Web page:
Although anger is a natural and healthy emotion, intense feelings of anger and aggressive behavior can cause marital, relationship, and family problems, job problems, and loss of friendships. Because angry feelings keep people away, they also stop you from having positive connections and getting help. During this transition, it may be important to learn how to cope with anger so that your anger doesn't lead to trouble. Anger that is expressed in helpful ways is healthy anger. The energy from anger can be channeled in healthy ways to help us reach goals, work harder, and solve problems in healthy ways.

If anger or aggressive behavior is related to threatened or actual violence, it is especially important to seek care from professional counselors (chaplains, behavioral health, primary care, nursing, family assistance program) to address the anger and combat stress reactions.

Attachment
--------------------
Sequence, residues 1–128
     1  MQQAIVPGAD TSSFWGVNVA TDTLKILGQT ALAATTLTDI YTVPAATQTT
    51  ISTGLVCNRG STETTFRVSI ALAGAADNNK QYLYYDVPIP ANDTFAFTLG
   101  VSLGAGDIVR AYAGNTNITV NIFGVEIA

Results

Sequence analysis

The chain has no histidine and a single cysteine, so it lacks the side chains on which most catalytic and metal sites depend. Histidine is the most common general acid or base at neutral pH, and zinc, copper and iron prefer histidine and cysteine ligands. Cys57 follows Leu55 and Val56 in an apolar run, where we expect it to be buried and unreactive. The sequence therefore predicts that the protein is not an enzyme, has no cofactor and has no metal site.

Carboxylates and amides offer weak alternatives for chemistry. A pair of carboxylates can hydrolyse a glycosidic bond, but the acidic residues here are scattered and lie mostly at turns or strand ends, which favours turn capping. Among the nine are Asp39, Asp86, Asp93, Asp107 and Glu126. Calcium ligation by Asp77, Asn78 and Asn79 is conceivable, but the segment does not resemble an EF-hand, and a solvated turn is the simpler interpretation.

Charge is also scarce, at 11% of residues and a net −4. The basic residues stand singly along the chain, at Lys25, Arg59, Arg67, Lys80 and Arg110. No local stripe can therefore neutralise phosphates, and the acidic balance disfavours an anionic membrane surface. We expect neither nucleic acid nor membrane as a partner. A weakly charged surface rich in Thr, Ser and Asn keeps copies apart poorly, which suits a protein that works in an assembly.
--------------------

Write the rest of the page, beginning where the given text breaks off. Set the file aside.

ALCOHOL AND/OR DRUG ABUSE. “Self-medicating” by drinking or abusing drugs is a common way many cope with upsetting traumatic stress reactions. This is often related to other readjustment concerns, as you try to deal with the difficult thoughts, feelings, and memories related to your war zone experiences. You may be using drugs or alcohol to numb yourself. When you want to avoid the memories or feelings associated with combat, alcohol or drugs may seem to offer a quick solution, but they actually lead to more problems. If you notice that you a rebeginning to lose control of drinking or drug use, it is important to get appropriate care.